In step 206, the incoming communication may be routed to a second queue. The second queue may comprise a faster moving queue than the first queue. In one embodiment, the first queue comprises a voice call queue, and the second call queue comprises an instant message queue. As discussed above, an instant message queue may move faster than a voice call queue as contact center agents may be able to interact more quickly over an instant message conversation than a voice conversation.

In step 208, an audio signal associated with the incoming communication may be converted to an instant message interaction. The audio signal may be converted using speech-to-text technology. An agent may interact with the caller over the instant message interaction, and the instant message texts generated by the agent may be converted to speech by text-to-speech technology. Depending on the quality of the call connection and the text-to-speech technology, the dynamic conversation of an interaction from voice to text may be seamless or invisible to a caller.

FIG. 3 is a flow chart illustrating a method according to another embodiment. As illustrated in FIG. 3, in step 302 of method 300, an incoming communication may be received. An incoming communication may comprise a phone call, a video chat, or an instant message chat (sometimes called a text chat). The incoming communication may be received by a contact center system.

In step 304, an interaction type may be determined for the incoming communication. An interaction type may comprise a communications channel such as video, voice, or text. In some conventional contact centers, an interaction type is never changed for a communication. For example, all voice calls may remain voice interactions. Embodiments of the invention, however, may dynamically switch interaction types. By dynamically switching communications to text interactions, contact center resources may be maximized and directed towards the highest priority targets.

An interaction type may be determined based on one or more interaction factors. Examples of interaction factors include, without limitation, a call quality of service, a language associated with the incoming communication, a caller preference, or a resource intensity. Other interaction factors comprise current historical, and/or predicted information related to call volume, bandwidth metrics, agent availability, and queue call time.

An interaction factor comprises a call quality of service. A contact center system may rate the quality of service associated with an incoming communication. The quality of service associated with an incoming communication may reflect how easy it is to hear the audio signal from a call, or how well a video signal is received. Calls generated over poor connections, for example, bad cellular connections or low bandwidth connections, may be rated as low quality of service. In one scenario, it may be advantageous to assign a text interaction type to a call with a low quality of service.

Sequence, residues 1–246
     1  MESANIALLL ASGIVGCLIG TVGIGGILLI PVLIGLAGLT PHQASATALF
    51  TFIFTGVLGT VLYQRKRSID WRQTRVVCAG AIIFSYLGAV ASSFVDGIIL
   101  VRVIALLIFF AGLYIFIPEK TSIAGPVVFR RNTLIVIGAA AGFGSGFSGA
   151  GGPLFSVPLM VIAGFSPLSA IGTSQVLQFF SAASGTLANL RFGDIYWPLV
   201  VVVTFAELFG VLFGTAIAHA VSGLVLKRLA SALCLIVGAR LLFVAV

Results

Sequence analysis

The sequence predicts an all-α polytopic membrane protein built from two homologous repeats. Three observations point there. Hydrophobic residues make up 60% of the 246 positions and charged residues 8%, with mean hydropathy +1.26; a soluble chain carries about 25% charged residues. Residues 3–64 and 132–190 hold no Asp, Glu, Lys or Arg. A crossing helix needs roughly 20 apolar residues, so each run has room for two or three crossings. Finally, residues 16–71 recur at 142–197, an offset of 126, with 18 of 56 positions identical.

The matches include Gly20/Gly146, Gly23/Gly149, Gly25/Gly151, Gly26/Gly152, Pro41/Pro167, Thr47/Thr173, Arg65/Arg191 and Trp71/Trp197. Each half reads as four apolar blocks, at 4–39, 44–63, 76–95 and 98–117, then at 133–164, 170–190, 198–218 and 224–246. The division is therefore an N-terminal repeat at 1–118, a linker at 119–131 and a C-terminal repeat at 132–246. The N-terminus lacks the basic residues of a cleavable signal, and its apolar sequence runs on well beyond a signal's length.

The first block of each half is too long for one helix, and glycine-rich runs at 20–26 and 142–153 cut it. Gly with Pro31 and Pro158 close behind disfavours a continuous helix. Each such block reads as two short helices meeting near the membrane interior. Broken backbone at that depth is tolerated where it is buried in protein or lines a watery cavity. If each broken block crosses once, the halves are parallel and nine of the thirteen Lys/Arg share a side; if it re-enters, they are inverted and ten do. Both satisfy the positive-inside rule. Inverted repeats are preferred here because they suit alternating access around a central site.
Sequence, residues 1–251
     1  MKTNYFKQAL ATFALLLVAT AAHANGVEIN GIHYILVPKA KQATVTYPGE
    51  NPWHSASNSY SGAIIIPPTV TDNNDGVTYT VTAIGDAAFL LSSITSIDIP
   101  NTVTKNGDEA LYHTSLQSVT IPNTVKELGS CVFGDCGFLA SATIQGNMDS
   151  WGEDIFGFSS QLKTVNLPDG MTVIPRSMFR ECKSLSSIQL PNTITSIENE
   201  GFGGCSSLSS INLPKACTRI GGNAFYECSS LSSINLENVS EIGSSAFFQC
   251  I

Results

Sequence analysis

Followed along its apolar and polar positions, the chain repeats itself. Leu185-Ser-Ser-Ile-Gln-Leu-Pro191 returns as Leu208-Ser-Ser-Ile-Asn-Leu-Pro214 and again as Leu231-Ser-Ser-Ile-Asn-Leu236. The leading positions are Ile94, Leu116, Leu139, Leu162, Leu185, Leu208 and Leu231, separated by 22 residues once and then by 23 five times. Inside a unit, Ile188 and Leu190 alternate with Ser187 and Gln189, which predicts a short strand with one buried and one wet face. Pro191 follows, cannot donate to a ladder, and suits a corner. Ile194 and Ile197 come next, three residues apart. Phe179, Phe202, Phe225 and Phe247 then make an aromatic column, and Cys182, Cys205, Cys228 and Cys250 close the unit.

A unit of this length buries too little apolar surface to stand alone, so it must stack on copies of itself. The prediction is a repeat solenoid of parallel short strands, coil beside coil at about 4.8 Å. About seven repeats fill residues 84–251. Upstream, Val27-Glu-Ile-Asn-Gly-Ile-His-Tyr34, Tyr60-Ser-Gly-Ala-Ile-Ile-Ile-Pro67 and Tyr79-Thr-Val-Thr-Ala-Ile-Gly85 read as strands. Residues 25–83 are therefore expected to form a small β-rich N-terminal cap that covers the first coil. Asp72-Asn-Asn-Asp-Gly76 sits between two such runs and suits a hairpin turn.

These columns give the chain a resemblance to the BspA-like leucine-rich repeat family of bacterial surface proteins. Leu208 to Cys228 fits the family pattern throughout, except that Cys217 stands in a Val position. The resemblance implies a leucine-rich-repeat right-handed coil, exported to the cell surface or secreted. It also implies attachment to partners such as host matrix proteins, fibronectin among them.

An interaction factor may comprise a language and/or a dialect associated with the incoming communication. A contact center system may be able to determine or guess a native language spoken by a caller associated with an incoming communication. For example, a number or geographic location associated with an incoming communication may be associated with a specific language. For example, an international call from Brazil may be associated with Portuguese, while an international call from Mexico may be associated with Spanish. Alternatively, or in addition to automatic analysis of caller identification information, the interactive voice response (IVR) system may prompt the user for their preferred language: “Hablas Española? Pulse uno.”

If no agents are available to interact with the caller in the caller's native language, than the contact center system may determine a text interaction type for the call. Speech recognition software may then translate an audio signal associated with the incoming communication to an instant message conversation with an agent in the agent's preferred language. Text entered by the agent during the conversation may then be translated back to the native language of the caller, and converted to an audio signal using text-to-speech software.

An interaction factor may comprise a caller preference. A contact center system may receive a user preference for a type of interaction, such as a preference for a voice interaction, video interaction, or text interaction. A caller preference may indicate whether a user prefers to have their call handled as quickly as possible over any type of communication, or if the user prefers to have their call handled according to the manner it was placed, without switching.